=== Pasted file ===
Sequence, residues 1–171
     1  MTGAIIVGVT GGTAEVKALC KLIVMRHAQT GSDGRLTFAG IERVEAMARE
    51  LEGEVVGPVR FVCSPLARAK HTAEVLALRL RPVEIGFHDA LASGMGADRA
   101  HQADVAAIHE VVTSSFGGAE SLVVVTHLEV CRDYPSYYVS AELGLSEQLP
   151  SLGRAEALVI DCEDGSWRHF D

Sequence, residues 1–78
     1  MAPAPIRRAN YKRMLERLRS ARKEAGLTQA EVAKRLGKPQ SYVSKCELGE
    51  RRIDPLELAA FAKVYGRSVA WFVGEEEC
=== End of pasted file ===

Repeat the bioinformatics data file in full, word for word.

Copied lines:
Sequence, residues 1–171
     1  MTGAIIVGVT GGTAEVKALC KLIVMRHAQT GSDGRLTFAG IERVEAMARE
    51  LEGEVVGPVR FVCSPLARAK HTAEVLALRL RPVEIGFHDA LASGMGADRA
   101  HQADVAAIHE VVTSSFGGAE SLVVVTHLEV CRDYPSYYVS AELGLSEQLP
   151  SLGRAEALVI DCEDGSWRHF D

Sequence, residues 1–78
     1  MAPAPIRRAN YKRMLERLRS ARKEAGLTQA EVAKRLGKPQ SYVSKCELGE
    51  RRIDPLELAA FAKVYGRSVA WFVGEEEC